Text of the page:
In differential geometry, the jet bundle is a certain construction that makes a new smooth fiber bundle out of a given smooth fiber bundle. It makes it possible to write differential equations on sections of a fiber bundle in an invariant form. Jets may also be seen as the coordinate free versions of Taylor expansions.
Historically, jet bundles are attributed to Ehresmann, and were an advance on the method (prolongation) of Élie Cartan, of dealing geometrically with higher derivatives, by imposing differential form conditions on newly introduced formal variables. Jet bundles are sometimes called sprays, although sprays usually refer more specifically to the associated vector field induced on the corresponding bundle (e.g., the geodesic spray on Finsler manifolds.)
More recently, jet bundles have appeared as a concise way to describe phenomena associated with the derivatives of maps, particularly those associated with the calculus of variations. Consequently, the jet bundle is now recognized as the correct domain for a geometrical covariant field theory and much work is done in general relativistic formulations of fields using this approach.
Contents

Jets 1

Jet manifolds 2

Jet bundles 3

Contact structure 4

Vector fields 5

Partial differential equations 6

Jet Prolongation 7

Infinite Jet Spaces 8

Infinitely prolonged PDEs 8.1

Remark 9

See also 10

References 11
Jets
Suppose M is an mdimensional manifold and that (E, π, M) is a fiber bundle. For p ∈ M, let Γ(π) denote the set of all local sections whose domain contains p. Let I = (I(1), I(2), ..., I(m)) be a multiindex (an ordered mtuple of integers), then

I := \sum_{i=1}^{m} I(i)

\frac{\partial^{I}}{\partial x^{I}} := \prod_{i=1}^{m} \left( \frac{\partial}{\partial x^{i}} \right)^{I(i)}.
Define the local sections σ, η ∈ Γ(π) to have the same rjet at p if

\left.\frac{\partial^{I} \sigma^{\alpha}}{\partial x^{I}}\right_{p} = \left.\frac{\partial^{I} \eta^{\alpha}}{\partial x^{I}}\right_{p}, \quad 0 \leq I \leq r.
The relation that two maps have the same rjet is an equivalence relation. An rjet is an equivalence class under this relation, and the rjet with representative σ is denoted j^r_p\sigma . The integer r is also called the order of the jet, p is its source and σ(p) is its target.
Jet manifolds
The rth jet manifold of π is the set

\{j^{r}_{p}\sigma:p \in M, \sigma \in \Gamma(\pi)\}
and is denoted J^{r}(π). We may define projections π_{r} and π_{r,0} called the source and target projections respectively, by

\begin{cases} \pi_r: J^{r}(\pi) \to M \\ j^{r}_{p}\sigma \mapsto p \end{cases}

\begin{cases} \pi_{r, 0}: J^{r}(\pi) \to E \\ j^{r}_{p}\sigma \mapsto \sigma(p) \end{cases}
If 1 ≤ k ≤ r, then the kjet projection is the function π_{r,k} defined by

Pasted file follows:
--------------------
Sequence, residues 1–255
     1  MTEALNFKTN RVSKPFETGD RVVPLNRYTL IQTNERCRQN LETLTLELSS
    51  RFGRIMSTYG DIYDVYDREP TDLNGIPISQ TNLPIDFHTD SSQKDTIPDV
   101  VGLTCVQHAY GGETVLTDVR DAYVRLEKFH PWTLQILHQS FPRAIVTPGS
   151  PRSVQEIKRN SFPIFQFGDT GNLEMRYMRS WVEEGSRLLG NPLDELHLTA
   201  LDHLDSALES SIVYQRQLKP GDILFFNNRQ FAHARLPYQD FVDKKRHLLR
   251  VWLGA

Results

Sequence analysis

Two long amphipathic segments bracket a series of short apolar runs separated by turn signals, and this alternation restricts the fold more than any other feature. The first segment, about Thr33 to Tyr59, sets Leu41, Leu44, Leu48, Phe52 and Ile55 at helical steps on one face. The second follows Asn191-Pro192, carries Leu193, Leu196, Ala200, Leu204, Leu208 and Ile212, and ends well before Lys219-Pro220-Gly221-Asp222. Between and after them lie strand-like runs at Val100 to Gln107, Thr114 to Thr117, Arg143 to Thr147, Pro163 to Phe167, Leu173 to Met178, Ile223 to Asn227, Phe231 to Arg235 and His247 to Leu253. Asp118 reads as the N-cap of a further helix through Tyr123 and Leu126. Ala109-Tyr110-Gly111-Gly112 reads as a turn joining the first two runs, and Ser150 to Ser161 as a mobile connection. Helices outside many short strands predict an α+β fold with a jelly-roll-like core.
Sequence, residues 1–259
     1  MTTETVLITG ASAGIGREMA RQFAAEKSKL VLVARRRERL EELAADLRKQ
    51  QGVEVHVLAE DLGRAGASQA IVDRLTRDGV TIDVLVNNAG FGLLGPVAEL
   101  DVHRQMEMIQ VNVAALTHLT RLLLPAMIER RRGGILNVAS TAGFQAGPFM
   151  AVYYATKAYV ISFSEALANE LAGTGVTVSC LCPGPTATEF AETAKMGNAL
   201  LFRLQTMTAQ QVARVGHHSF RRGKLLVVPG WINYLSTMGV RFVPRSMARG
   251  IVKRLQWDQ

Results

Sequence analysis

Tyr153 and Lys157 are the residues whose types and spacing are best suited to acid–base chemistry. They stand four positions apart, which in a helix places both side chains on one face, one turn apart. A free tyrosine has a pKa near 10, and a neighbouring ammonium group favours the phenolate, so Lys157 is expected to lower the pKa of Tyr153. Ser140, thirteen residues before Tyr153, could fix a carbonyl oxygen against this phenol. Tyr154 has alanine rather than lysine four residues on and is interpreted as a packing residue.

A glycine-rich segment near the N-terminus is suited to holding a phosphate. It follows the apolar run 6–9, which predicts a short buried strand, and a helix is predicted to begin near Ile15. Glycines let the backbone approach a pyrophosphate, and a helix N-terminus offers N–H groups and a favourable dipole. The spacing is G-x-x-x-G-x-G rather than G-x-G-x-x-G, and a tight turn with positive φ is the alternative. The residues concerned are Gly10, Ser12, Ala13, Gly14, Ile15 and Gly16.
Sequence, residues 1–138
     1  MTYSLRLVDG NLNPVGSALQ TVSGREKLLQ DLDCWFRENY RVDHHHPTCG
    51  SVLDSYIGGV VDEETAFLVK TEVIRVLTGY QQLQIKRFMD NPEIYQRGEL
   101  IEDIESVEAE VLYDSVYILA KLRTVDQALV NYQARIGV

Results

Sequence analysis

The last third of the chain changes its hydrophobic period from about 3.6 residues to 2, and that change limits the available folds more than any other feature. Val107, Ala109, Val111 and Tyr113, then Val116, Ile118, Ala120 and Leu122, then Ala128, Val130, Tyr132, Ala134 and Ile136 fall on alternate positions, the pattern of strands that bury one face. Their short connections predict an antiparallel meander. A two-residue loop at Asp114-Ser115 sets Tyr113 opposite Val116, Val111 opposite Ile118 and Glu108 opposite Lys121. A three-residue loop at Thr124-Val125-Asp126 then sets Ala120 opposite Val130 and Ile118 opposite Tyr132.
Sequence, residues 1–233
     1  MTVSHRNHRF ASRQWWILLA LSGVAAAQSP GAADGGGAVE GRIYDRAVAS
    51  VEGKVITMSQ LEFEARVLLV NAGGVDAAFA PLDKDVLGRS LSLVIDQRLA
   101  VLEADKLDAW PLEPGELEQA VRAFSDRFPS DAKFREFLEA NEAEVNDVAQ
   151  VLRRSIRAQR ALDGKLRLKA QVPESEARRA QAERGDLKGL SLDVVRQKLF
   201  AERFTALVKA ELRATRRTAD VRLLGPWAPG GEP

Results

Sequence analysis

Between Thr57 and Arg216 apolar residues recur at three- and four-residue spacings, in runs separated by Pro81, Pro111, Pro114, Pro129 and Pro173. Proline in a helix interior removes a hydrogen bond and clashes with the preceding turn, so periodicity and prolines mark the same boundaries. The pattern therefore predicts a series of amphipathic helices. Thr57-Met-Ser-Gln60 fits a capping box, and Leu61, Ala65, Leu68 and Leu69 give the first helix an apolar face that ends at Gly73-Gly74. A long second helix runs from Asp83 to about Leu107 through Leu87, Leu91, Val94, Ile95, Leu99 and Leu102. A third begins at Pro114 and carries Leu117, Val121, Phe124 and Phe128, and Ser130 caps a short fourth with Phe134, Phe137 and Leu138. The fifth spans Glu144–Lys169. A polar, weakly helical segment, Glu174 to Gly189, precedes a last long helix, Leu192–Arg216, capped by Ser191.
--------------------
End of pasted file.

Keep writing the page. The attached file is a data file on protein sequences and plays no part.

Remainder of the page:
\begin{cases} \pi_{r, k}: J^{r}(\pi) \to J^{k}(\pi)\\ j^{r}_{p}\sigma \mapsto j^{k}_{p}\sigma \end{cases}
From this definition, it is clear that π_{r} = π o π_{r,0} and that if 0 ≤ m ≤ k, then π_{r,m} = π_{k,m} o π_{r,k}. It is conventional to regard π_{r,r} = id_{Jr(π)}, the identity map on J^{r}(π) and to identify J^{0}(π) with E.
The functions π_{r,k}, π_{r,0} and π_{r} are smooth surjective submersions.
A coordinate system on E will generate a coordinate system on J^{r}(π). Let (U, u) be an adapted coordinate chart on E, where u = (x^{i}, u^{α}). The induced coordinate chart (U^{r}, u^{r}) on J^{r}(π) is defined by

U^{r} = \{ j^{r}_{p}\sigma: \sigma(p) \in U \} \,

u^{r} = (x^{i}, u^{\alpha}, u^{\alpha}_{I})\,
where

x^{i}(j^{r}_{p}\sigma) = x^{i}(p)

u^{\alpha}(j^{r}_{p}\sigma) = u^{\alpha}(\sigma(p))
and the n \left( {}^{m+r}C_{r} 1\right)\, functions

u^{\alpha}_{I}:U^{k} \to \mathbf{R}\,
are specified by

u^{\alpha}_{I}(j^{r}_{p}\sigma) = \left.\frac{\partial^{I} \sigma^{\alpha}}{\partial x^{I}}\right_{p}
and are known as the derivative coordinates.
Given an atlas of adapted charts (U, u) on E, the corresponding collection of charts (U^{r}, u^{r}) is a finitedimensional C^{∞} atlas on J^{r}(π).
Jet bundles
Since the atlas on each J^{r}(π) defines a manifold, the triples (J^{r}(π), π_{r,k}, J^{k}(π)), (J^{r}(π), π_{r,0}, E) and (J^{r}(π), π_{r}, M) all define fibered manifolds. In particular, if (E, π, M) is a fiber bundle, the triple (J^{r}(π), π_{r}, M) defines the rth jet bundle of π.
If W ⊂ M is an open submanifold, then

J^{r}\left(\pi_{\pi^{1}(W)}\right) \cong \pi^{1}_{r}(W).\,
If p ∈ M, then the fiber \pi^{1}_{r}(p)\, is denoted J^{r}_{p}(\pi).
Let σ be a local section of π with domain W ⊂ M. The rth jet prolongation of σ is the map j^{r}σ: W → J^{r}(π) defined by